George F. Walker has been one of Canada’s most prolific and popular playwrights since his career in theatre began in the early 1970s. His first play, The Prince of Naples, premiered in 1972 at the newly opened Factory Theatre, a company that continues to produce his work. Since that time, he has written more than twenty plays and has created screenplays for several award-winning Canadian television series. Part Kafka, part Lewis Carroll, Walker’s distinctive, gritty, fast-paced comedies satirize the selfishness, greed, and aggression of contemporary urban culture. Among his best-known plays are Gossip (1977); Zastrozzi, the Master of Discipline (1977); Criminals in Love (1984); Better Living (1986); Nothing Sacred (1988); Love and Anger (1989); Escape from Happiness (1991); Suburban Motel (1997, a series of six plays set in the same motel room); and Heaven (2000). Since the early 1980s, he has directed most of the premieres of his own plays.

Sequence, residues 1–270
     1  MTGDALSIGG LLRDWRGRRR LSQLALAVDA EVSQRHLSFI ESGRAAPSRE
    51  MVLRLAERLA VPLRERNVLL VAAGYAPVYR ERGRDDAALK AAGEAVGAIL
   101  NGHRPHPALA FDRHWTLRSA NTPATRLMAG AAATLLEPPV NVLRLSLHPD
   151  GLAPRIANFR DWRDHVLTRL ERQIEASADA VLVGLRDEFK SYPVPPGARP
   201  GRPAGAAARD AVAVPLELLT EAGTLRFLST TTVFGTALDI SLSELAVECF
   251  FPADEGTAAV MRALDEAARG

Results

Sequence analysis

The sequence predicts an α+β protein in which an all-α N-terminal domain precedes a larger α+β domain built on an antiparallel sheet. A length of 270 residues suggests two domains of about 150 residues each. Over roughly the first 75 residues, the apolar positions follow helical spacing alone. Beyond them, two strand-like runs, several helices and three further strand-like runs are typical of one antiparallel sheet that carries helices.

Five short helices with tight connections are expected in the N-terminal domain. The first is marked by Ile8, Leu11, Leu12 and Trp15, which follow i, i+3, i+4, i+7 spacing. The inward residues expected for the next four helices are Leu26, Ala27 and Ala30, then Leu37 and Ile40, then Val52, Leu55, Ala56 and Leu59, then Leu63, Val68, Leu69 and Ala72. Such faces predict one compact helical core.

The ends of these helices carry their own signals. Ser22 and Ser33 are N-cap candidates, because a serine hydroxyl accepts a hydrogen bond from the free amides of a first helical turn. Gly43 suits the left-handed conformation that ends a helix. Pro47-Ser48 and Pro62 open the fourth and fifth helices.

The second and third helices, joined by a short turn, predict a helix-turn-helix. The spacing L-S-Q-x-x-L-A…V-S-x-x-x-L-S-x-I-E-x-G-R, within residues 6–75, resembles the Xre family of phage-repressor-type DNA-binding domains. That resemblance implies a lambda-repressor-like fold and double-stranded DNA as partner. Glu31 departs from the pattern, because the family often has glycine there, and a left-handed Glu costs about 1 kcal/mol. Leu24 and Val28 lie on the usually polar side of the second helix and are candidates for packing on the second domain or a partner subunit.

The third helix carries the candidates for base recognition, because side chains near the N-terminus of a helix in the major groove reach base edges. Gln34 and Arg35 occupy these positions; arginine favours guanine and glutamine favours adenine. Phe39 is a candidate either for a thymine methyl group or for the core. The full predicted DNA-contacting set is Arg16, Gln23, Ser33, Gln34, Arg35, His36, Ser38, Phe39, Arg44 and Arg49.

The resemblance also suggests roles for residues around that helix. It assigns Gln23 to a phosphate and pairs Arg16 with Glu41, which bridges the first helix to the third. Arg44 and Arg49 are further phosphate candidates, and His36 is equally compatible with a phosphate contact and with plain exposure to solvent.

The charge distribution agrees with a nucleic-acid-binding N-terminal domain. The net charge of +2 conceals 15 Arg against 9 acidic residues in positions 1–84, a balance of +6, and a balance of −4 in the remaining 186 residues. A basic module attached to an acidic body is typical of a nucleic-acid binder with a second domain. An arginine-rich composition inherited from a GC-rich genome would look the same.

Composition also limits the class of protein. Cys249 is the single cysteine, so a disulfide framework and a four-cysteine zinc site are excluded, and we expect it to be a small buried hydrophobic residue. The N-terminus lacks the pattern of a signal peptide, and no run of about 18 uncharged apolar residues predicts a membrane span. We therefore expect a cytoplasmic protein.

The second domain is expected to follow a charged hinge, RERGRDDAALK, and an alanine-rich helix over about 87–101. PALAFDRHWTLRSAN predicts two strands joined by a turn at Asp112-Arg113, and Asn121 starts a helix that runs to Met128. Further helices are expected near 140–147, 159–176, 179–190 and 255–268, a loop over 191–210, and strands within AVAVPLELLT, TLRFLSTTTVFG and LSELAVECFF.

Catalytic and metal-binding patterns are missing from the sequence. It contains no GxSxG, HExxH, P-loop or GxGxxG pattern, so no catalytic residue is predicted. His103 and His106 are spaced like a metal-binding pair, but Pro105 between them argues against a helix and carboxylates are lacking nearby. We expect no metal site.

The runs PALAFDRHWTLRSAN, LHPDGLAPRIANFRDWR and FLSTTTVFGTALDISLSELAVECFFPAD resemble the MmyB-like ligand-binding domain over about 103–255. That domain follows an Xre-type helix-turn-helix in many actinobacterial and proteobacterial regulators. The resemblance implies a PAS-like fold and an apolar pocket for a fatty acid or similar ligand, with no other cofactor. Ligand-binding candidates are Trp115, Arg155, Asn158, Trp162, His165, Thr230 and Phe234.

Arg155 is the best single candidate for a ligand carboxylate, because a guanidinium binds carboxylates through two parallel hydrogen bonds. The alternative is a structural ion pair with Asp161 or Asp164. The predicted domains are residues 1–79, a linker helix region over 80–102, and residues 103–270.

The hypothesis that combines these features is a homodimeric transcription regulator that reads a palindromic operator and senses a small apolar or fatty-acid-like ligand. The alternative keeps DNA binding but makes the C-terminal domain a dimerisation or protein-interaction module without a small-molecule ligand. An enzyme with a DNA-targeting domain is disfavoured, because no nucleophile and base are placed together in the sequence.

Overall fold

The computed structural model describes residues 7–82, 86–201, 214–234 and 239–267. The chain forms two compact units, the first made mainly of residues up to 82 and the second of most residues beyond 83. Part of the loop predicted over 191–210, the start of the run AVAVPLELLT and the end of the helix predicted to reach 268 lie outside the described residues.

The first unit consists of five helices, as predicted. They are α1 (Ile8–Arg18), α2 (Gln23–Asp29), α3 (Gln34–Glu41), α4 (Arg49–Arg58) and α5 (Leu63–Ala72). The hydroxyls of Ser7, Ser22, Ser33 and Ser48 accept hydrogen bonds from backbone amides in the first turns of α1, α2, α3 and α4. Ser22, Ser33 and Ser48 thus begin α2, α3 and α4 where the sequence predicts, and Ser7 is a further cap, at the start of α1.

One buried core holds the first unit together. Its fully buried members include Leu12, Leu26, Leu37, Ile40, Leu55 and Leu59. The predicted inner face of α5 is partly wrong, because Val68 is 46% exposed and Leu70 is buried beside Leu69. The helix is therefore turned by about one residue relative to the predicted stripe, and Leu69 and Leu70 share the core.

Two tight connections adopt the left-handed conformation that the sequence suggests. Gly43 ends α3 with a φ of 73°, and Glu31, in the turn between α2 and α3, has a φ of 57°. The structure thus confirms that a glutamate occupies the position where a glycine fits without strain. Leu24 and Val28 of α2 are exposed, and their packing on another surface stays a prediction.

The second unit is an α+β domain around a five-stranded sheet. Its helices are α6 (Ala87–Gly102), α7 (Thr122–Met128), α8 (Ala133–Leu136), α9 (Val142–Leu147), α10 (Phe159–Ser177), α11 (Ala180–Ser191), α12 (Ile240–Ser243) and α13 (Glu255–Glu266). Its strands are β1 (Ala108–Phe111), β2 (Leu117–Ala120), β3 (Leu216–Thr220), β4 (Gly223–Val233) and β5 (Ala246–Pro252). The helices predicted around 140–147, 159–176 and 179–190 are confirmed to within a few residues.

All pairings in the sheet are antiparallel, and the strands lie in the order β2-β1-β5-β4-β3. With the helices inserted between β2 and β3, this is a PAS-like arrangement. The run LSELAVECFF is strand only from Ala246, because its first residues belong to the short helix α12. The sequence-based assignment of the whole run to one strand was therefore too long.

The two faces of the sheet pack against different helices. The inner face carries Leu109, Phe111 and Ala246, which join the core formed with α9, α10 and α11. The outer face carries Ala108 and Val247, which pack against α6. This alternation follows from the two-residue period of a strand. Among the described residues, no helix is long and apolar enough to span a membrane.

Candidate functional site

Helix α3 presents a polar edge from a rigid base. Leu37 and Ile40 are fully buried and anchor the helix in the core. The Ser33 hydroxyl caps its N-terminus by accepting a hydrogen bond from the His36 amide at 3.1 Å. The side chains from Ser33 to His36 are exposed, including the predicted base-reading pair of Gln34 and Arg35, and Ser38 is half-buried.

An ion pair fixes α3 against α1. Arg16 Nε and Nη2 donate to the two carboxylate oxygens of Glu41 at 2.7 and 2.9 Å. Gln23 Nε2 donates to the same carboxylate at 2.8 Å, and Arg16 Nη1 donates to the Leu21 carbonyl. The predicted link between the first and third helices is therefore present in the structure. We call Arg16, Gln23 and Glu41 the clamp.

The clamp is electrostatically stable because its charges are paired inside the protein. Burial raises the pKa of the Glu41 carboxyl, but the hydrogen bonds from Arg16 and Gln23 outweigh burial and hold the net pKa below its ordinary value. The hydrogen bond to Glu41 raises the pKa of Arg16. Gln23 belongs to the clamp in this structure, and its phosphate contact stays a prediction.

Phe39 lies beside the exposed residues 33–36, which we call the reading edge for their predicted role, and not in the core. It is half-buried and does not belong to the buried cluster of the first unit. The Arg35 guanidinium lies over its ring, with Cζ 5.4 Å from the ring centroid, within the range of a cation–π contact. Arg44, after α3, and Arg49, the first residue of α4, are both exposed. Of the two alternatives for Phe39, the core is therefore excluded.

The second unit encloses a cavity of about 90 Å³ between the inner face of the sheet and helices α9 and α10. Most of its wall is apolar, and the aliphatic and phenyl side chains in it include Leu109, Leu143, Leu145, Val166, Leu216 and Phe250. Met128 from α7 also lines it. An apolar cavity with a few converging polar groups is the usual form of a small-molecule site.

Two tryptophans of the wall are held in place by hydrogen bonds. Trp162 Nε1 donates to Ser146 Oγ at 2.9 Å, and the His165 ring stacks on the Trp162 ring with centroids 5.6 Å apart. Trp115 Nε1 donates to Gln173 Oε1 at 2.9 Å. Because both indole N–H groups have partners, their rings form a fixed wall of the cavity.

Many of Walker’s plays have been presented across Canada and in more than five hundred productions internationally; they have been translated into French, German, Hebrew, Turkish, Polish, and Czechoslovakian.
During a ten-year absence from theatre, he mainly wrote for television, including the television series Due South, The Newsroom, This Is Wonderland, and The Line, as well as for the film Niagara Motel (based on three plays from his Suburban Motel series). Walker returned to the theatre with And So It Goes (2010).
Awards and honours include Member of the Order of Canada (2005); National Theatre School Gascon-Thomas Award (2002); two Governor General’s Literary Awards for Drama (for Criminals in Love and Nothing Sacred); five Dora Mavor Moore Awards; and eight Chalmers Canadian Play Awards.
Winner 2001 The Floyd S. Chalmers Canadian Play Award
…and half George S. Kaufman. Canadian playwright George F. Walker would probably tell you that the social fabric in …